Edwardian passengers board TSS Earnslaw, as seen in the
short film Sculling and Steamer on Lake Wakatipu (1905-16),
one of the rare film clips to be screened in Arrowtown on
Thursday. Photo supplied.
Flickering ghost-like images of people and places from
the Wakatipu's past will be seen by the public for the first
time in decades in free screenings celebrating the 150th
anniversary of the discovery of gold in Arrowtown.
The Queenstown Film Society and the New Zealand Film Archive,
with the support of Central Lakes Trust, Arrowtown 150 and
Millbrook Resort, will present the programme Arrowtown 150
Historical Film Shows twice on October 18.
The film clips of the Wakatipu date back to the dawn of the
20th century. Many of the older clips have only been
preserved in the last few years and have never been screened
Queenstown Film Society committee members Alison Dench
(left), of Arrowtown, and Debbie Nelson, of Queenstown,
help prepare the collection of rare historical movie clips
for screening on Thursday. Photo by James Beech.
They provide an entertaining look at the history of the
area, from footage of Queenstown in 1905 and a reunion of old
gold miners in 1911, to 1970s hotdogging ski antics at Coronet
There will also be footage of the 1962 centennial
celebrations, produced by noted New Zealand film-maker Rudall
The first 40 minutes of the 70-minute screening will feature
silent films. Queenstown pianist Cheryl Collie will play an
Society committee members Alison Dench, Cristina Robinson,
Debbie Nelson and Jo Blick worked for more than a year
gathering the clips with the help of the New Zealand Film
Archive and sourced funding in time for the gold anniversary
celebrations on October 19 to 22.
"It's fascinating, I'm particularly excited about the early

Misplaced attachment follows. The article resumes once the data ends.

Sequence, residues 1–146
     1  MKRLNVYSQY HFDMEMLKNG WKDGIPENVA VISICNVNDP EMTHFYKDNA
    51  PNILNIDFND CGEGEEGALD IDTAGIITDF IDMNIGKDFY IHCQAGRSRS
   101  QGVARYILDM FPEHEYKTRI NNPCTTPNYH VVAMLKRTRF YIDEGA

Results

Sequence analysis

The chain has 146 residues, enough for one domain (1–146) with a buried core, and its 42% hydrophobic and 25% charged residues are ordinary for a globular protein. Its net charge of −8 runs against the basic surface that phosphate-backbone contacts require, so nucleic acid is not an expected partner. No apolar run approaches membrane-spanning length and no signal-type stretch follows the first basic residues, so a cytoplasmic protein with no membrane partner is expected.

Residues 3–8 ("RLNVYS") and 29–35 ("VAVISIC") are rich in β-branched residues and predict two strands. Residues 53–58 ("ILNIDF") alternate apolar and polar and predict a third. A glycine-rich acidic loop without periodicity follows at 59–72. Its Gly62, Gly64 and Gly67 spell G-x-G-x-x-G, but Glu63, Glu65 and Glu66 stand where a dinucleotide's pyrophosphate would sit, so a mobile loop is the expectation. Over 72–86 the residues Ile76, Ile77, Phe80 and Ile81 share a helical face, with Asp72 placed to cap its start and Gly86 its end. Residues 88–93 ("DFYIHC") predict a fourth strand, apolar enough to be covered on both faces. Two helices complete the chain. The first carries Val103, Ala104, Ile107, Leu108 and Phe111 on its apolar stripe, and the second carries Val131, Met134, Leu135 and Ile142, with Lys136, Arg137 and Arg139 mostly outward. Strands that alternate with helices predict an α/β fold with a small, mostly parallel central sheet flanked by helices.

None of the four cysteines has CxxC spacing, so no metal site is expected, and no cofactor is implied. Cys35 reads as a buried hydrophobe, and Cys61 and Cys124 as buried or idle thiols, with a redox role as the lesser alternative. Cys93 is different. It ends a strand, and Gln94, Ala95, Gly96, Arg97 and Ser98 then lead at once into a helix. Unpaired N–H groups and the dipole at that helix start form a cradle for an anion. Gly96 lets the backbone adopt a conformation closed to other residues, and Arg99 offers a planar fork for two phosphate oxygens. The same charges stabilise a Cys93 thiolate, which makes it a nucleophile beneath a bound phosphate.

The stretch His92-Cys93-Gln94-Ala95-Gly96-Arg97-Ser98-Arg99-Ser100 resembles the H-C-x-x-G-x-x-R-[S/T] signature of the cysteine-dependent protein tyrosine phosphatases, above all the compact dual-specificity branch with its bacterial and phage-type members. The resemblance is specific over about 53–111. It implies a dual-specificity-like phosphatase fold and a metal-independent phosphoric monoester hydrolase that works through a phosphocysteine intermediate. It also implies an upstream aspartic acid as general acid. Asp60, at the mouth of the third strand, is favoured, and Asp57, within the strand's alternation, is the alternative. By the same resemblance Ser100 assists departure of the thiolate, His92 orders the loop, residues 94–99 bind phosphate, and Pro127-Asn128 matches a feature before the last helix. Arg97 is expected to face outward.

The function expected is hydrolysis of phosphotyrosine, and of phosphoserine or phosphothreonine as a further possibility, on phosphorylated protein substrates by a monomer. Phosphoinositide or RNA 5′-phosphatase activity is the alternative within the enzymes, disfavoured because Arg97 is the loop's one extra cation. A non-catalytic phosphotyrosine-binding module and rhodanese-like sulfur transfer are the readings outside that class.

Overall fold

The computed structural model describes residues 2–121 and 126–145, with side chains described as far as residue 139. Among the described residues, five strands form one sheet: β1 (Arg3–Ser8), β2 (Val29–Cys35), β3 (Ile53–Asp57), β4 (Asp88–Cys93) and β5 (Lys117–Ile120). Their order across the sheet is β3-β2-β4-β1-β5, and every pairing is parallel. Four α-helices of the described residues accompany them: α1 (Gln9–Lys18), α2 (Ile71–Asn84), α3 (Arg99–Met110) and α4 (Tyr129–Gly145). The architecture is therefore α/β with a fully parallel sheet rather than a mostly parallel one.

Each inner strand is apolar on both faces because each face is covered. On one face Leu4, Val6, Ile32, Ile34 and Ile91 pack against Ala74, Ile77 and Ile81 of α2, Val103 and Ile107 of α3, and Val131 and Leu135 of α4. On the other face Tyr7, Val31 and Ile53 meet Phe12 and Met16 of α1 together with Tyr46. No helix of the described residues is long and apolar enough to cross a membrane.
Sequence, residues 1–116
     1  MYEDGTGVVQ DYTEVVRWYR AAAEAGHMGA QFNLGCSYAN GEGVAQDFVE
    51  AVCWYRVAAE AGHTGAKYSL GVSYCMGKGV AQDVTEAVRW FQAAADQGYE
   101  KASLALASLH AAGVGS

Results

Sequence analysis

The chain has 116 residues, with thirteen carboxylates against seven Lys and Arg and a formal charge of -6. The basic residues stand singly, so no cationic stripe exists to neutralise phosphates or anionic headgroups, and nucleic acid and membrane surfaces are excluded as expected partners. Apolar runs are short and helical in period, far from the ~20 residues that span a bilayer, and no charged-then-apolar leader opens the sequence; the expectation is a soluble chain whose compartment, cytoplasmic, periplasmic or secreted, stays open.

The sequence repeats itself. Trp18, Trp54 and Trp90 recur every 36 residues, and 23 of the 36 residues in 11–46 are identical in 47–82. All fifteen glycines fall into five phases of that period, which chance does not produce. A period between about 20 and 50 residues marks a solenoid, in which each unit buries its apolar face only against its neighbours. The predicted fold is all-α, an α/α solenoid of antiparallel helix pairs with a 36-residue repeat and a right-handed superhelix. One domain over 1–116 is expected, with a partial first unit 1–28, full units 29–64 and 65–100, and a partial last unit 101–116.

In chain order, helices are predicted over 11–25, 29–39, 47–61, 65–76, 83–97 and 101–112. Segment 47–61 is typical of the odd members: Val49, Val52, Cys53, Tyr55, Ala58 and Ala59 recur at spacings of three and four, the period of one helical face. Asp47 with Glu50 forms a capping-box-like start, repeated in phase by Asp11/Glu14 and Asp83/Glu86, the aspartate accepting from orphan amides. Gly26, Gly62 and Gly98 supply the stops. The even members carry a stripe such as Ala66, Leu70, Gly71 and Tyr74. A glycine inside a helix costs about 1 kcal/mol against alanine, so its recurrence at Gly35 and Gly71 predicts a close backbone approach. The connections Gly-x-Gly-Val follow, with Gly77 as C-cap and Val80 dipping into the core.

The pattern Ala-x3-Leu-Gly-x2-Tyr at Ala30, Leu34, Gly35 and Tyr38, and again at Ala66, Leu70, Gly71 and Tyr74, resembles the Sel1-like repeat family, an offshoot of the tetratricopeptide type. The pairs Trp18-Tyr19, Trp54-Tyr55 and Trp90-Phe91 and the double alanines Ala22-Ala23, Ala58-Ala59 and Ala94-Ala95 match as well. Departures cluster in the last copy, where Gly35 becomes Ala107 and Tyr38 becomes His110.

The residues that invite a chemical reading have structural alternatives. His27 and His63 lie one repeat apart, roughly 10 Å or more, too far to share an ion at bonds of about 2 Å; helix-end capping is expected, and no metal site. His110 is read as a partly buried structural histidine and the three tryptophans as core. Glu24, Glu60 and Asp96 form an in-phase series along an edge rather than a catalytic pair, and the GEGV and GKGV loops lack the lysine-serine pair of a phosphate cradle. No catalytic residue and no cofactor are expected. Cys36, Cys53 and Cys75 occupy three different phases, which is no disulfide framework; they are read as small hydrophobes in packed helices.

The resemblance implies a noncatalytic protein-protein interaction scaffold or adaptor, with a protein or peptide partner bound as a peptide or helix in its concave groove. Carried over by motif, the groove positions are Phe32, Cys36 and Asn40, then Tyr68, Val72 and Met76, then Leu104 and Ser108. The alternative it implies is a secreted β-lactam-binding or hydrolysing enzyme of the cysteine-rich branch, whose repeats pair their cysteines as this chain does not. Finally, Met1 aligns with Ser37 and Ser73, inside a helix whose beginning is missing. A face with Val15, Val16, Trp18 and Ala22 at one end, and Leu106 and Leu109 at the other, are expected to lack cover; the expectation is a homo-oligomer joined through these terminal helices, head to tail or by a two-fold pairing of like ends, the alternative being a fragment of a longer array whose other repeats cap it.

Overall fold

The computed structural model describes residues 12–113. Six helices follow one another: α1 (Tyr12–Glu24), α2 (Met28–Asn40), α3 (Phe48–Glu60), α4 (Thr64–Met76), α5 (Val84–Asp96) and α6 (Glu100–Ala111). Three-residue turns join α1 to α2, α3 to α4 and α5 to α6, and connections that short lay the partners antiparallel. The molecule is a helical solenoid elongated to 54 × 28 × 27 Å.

movies, going back to 1905," Ms Dench said.
"The Reunion of New Zealand's Pioneer Miners was given
to the film archive by a grandson of the man who organised
the reunion and it is a clip of very rugged looking men you
can imagine 50 years earlier being part of the gold rush in
Ms Nelson said the volunteers had all watched Flare: A Ski
Trip from 1977, "which is good for a laugh with its
fabulous '70s ski clothes, if nothing else, and Sam Neill
directed it, so it has a second local connection."
A Reunion of New Zealand's Pioneer Miners
A recently rediscovered clip of old miners from the gold rush
days, assembled in a Dunedin street. The reunion was organised
to celebrate the 50th jubilee of the 1861 Gabriel's Gully rush.
Sculling and Steamer on Lake Wakatipu
Never-before-seen very early film of activities on the lake.
Queenstown Scenes No. 2 (1925)
A visit to the Kawarau Dam, where explosives are set off and
water races through the dam gates.
In Days of Gold: A Tale of the Shotover
A New Zealand Government Publicity Office presentation.
Grandad Healy recreates the early days of gold mining in the
area for his grandson, Mickey.
Children of the Gold Rush (1962)
The first Arrowtown gold rush re-enactment, for the centenary
in 1962, was filmed by director Rudall Hayward.
Wakatipu: The Long Lake (1955)
In 1954, Brian Brake headed south for the National Film Unit
to capture rich colour film of the Wakatipu.
Notes on a New Zealand Town (1971)
Harking back to the beginning of Queenstown's tourism boom,
elderly American tourists talk about their experiences in the
resort, taking the gondola and panning for gold.
Flare: A Ski Trip (1977)
Sam Neill is a former director of the National Film Unit. In
this enjoyable blast from the past, he shows a revolutionary
new style of skiing: freestyle. Including footage of skiing
legends in gloriously retro skiwear at Coronet Peak.
TV3 News (2004)
News coverage of then prime minister Helen Clark opening the
Chinese settlement in Arrowtown as part of the government's
restitution for discrimination against early Chinese
Kaho Naa . . . Pyaar Hai (Say You Love Me)
A deliciously over-the-top song from the highest-grossing
Indian film of 2000. Set in Queenstown, it put New
Zealand-location shooting on the Bollywood map.
• Arrowtown Athenaeum Hall, Thursday, October 18, 5pm and